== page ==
by José Ignacio Cabezón and THL.
We know nothing of the history of this site before the fourteenth century. The monastery was originally one of the places where TsongkhapaTsong kha pa did retreat. This is what gives the site its name: “drupkhangsgrub khang” means “retreat house.” It was the fact that it had been a retreat spot for TsongkhapaTsong kha pa that drew the founder, Drupkhang Gelek GyatsoSgrub khang dge legs rgya mtsho,2 to the site. DrupkhangpaSgrub khang pa was advised to make it his residence by the abbot of the Jé College (Dratsang JéGrwa tshang byes) of SeraSe ra, Jotön Sönam GyeltsenJo ston bsod nams rgyal mtshan (seventeenth century). DrupkhangpaSgrub khang pa lived in TsongkhapaTsong kha pa’s retreat house at the site for many years, leading an extremely frugal and ascetic existence. It was his reputation as a great meditator, combined with his knowledge of the philosophical tradition that drew students to him.3 The most famous of these became posthumously recognized as the first incarnations of important lamabla ma lineages of SeraSe ra. Following the example of their teacher, they also lived in retreat for a good portion of their lives, either founding or serving as the head lamas (nekyi lamagnas kyi bla ma) of important SeraSe ra-affiliated retreat centers. DrupkhangpaSgrub khang pa’s students include, for example, Purchok Ngawang JampaPhur lcog ngag dbang byams pa (1682-1762), and Khardo Zöpa GyatsoMkhar rdo bzod pa rgya mtsho (1672-1749). There is a tradition, reported by Dungkar RinpochéDung dkar rin po che, that DrupkhangpaSgrub khang pa was responsible for founding three hermitages as practice-centers (drupdésgrub sde): his own hermitage with seventeen fully ordained monks, Purchok Hermitage (Purchok RitröPhur lcog ri khrod) with one hundred monks, and Rakhadrak Hermitage (Rakhadrak RitröRa kha brag ri khrod) with twelve monks.4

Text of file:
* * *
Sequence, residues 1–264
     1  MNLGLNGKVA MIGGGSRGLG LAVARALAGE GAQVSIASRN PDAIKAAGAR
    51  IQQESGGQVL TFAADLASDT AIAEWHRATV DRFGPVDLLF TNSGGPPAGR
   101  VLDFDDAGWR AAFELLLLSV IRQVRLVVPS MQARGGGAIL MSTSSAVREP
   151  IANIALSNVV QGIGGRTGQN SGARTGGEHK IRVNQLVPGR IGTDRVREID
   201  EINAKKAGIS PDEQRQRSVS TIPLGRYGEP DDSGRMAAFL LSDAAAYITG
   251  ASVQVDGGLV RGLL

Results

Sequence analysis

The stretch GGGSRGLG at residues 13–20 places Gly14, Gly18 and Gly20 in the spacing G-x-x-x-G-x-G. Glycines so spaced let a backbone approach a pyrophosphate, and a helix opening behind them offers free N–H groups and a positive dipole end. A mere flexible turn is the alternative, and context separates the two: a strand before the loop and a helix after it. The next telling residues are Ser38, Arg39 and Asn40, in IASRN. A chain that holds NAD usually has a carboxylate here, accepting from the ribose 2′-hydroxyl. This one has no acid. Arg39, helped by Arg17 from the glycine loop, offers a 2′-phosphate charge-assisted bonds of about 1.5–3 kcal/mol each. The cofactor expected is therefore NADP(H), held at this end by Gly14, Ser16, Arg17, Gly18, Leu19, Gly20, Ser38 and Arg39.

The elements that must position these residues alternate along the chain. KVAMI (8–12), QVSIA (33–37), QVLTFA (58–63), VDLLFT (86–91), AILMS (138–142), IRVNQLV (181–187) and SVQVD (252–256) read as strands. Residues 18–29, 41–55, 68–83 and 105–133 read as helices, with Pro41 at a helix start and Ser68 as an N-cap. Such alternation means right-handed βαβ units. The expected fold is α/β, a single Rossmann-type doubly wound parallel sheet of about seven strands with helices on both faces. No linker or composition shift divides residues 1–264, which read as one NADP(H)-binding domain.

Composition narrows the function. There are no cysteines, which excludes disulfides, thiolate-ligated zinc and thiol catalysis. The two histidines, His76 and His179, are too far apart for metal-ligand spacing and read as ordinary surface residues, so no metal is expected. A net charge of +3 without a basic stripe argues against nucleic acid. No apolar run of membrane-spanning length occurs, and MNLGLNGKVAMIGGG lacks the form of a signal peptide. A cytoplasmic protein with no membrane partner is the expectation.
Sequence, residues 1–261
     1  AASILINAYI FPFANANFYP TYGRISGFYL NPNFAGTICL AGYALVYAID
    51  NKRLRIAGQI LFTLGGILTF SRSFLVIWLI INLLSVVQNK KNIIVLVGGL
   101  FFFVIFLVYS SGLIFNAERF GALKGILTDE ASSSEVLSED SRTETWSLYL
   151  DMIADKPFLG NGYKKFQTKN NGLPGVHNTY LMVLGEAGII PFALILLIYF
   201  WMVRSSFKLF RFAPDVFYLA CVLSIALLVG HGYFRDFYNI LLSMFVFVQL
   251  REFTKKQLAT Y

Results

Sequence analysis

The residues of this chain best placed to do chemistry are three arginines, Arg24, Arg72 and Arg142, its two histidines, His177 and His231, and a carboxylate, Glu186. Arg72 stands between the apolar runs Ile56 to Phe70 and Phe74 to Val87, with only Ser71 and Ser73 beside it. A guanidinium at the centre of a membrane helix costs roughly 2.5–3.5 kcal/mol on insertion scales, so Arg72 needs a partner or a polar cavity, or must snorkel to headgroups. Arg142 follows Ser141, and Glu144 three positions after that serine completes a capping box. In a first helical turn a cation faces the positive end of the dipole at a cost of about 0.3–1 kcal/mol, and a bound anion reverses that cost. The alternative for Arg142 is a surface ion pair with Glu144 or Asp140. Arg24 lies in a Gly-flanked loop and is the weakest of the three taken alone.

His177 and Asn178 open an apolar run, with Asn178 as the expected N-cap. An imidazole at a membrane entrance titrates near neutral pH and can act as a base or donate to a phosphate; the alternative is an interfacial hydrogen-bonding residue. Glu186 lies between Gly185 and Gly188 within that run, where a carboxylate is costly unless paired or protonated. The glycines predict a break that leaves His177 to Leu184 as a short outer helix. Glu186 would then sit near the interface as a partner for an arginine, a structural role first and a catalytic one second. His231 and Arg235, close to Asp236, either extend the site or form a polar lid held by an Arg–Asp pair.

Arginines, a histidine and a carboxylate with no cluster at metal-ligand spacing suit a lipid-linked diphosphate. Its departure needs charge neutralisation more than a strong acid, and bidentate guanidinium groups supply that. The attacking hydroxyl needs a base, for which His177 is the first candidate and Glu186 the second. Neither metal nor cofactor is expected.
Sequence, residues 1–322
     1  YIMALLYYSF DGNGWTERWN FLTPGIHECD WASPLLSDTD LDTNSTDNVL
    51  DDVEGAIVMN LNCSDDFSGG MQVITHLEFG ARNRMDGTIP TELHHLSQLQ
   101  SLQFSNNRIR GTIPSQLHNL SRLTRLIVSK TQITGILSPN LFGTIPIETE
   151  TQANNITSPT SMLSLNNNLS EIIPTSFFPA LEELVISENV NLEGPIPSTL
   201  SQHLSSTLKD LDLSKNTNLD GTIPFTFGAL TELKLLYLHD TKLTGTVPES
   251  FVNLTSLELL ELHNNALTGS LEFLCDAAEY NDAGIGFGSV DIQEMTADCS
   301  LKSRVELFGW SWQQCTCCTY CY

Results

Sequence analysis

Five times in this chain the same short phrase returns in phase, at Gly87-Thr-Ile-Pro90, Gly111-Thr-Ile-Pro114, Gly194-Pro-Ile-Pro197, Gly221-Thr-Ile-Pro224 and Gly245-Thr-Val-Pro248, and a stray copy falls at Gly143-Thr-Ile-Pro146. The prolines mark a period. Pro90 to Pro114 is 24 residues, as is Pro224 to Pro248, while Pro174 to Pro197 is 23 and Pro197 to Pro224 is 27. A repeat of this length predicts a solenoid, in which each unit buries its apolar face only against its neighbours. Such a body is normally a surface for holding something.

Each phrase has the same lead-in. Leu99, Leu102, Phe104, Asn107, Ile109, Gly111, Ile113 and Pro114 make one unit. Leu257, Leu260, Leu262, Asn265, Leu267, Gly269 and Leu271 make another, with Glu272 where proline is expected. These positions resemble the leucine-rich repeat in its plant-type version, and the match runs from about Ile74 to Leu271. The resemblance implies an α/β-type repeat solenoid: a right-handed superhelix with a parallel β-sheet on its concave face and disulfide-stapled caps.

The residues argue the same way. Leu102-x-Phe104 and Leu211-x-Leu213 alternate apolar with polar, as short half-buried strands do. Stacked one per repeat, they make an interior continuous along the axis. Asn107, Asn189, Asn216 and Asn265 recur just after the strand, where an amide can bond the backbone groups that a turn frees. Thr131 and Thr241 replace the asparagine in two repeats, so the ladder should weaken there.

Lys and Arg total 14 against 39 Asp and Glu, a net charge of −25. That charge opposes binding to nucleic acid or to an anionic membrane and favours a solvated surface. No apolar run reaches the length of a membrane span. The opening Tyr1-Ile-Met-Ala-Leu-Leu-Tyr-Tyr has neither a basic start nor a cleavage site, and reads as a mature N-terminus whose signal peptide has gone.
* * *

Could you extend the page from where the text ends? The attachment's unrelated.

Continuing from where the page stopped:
An image of DrupkhangpaSgrub khang pa at Sera UtséSe ra dbu rtse.